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Robert Morrisey was prosecuted by Preston Crown Court for sending confidential information about 183 people to his personal computer.
At the time of the breach, Morrisey was working as a mentoring co-ordinator for Rochdale connections Trust charity.
In copying the sensitive information without permission or the knowledge of his employer, Morrisey lost his job. He also lost his position as a Magistrate and was ordered to pay over £1,800.00.
The charity was set up to help young and vulnerable people with education, training and employment using the help of voluntary mentors. Morrisey’s responsibilities included recruiting, training and supporting the voluntary mentors for the scheme.
On 22nd February 2017, Morrisey reportedly sent spreadsheets containing confidential information across 11 emails from his work email to his personal account. The spreadsheets were highly sensitive and included:
The information belonged to 183 people – three of whom were children – and none of the subjects were reportedly aware their information had been copied. Within a day of the breach being discovered, Morrisey was dismissed by the charity and they immediately started investigating the incident.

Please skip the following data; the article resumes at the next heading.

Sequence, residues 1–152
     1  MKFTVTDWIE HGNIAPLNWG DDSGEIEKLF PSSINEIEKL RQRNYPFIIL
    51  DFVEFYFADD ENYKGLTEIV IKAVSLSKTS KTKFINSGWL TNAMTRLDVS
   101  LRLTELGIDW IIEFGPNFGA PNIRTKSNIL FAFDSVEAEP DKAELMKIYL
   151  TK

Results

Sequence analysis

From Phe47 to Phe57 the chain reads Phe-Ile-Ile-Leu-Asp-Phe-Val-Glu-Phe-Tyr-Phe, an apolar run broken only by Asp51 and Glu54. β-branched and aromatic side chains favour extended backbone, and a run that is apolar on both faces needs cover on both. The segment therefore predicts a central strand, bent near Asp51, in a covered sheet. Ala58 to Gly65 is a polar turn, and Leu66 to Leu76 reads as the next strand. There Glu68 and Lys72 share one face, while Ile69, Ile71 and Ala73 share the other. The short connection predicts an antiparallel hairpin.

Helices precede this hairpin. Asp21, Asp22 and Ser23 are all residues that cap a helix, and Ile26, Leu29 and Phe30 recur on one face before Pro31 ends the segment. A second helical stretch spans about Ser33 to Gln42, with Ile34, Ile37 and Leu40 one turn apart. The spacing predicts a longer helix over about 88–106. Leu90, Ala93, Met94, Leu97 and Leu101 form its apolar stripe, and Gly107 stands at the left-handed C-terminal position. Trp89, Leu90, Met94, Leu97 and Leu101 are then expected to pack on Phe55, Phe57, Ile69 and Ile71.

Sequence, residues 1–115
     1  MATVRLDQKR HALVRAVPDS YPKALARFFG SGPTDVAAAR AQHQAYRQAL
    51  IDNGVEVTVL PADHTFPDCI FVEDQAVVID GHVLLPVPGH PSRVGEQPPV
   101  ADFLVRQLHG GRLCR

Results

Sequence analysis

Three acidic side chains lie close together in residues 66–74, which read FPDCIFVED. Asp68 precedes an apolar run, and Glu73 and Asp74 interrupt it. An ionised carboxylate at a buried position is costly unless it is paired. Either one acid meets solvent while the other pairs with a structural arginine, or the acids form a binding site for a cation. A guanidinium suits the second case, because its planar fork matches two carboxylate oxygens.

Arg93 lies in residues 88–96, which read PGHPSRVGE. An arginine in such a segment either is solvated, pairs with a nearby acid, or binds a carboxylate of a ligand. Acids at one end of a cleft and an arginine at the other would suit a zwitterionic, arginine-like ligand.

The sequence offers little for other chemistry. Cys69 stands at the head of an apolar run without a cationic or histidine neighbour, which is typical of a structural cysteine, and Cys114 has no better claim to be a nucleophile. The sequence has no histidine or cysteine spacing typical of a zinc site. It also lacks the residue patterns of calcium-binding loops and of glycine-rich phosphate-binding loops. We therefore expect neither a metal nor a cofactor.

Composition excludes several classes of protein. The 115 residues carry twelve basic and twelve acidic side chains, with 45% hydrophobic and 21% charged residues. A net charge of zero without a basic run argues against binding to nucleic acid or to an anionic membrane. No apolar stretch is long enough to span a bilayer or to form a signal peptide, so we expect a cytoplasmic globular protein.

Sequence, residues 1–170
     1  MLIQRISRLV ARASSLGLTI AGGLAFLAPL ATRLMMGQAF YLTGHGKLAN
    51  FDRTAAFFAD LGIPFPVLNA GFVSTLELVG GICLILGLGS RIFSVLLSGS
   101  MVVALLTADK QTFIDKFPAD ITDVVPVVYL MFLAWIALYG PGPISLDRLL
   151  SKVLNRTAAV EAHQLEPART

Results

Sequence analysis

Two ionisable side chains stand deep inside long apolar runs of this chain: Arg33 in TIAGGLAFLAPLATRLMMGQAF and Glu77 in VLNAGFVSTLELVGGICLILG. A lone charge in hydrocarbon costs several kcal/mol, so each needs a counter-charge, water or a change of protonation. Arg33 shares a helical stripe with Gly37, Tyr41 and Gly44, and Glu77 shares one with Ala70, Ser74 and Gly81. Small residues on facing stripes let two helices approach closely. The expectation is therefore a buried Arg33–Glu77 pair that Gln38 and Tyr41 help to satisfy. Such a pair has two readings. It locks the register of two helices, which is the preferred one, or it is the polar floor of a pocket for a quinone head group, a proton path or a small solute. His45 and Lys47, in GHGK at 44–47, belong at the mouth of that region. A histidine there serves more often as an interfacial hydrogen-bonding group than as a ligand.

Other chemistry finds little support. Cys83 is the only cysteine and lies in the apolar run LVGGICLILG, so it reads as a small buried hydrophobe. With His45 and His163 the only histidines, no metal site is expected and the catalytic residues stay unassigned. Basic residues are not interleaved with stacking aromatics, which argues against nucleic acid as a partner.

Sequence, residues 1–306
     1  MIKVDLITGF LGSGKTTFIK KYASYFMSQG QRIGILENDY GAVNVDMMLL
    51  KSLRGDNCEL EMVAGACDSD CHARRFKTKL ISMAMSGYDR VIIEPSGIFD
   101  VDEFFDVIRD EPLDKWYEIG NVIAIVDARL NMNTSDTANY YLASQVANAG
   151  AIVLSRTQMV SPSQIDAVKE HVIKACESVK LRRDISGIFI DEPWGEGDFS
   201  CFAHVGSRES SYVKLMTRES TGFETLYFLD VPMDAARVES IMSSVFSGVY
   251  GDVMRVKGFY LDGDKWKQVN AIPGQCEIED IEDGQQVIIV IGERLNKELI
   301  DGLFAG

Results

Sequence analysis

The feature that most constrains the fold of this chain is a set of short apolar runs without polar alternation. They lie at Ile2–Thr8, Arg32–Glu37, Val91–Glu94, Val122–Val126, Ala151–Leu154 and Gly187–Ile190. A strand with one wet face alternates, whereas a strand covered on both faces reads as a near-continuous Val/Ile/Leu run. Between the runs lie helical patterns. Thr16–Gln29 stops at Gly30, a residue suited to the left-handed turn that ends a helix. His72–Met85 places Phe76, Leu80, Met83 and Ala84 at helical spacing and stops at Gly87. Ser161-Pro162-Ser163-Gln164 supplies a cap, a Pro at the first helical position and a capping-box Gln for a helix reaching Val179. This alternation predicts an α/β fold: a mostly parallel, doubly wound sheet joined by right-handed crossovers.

The charity discovered that Morrisey did the same thing back on 14th June 2016.
The former charity employee admitted the data breach allegations that he sent confidential information – including medical records of vulnerable people – to himself. He pleaded guilty to two breaches of illegally obtaining personal data under the Data Protection Act.
Preston Crown Court heard Morrisey explain his apparently non-malicious intentions for sending the sensitive information to himself:
“There is nothing sinister about it. I was not getting the data for anything untoward. I was retiring and I wanted to know what my hours were on certain jobs.”
Morrisey also held a position as a magistrate for Greater Manchester, but has since resigned. He was given a conditional discharge for two years and had to pay £1,860.25.
Steve Eckersley, head of enforcement at the Information Commissioner’s Office, spoke about the case:
“People have a right to expect that when they share their personal information with an organisation it will be handled properly, and legally, that is especially so when it is sensitive personal data. People whose jobs give them access to this type of information need to realise that just because they can access it, that doesn’t mean they should. They need to have a valid legal reason for doing so. Copying sensitive personal information without the necessary permission isn’t a valid reason.”
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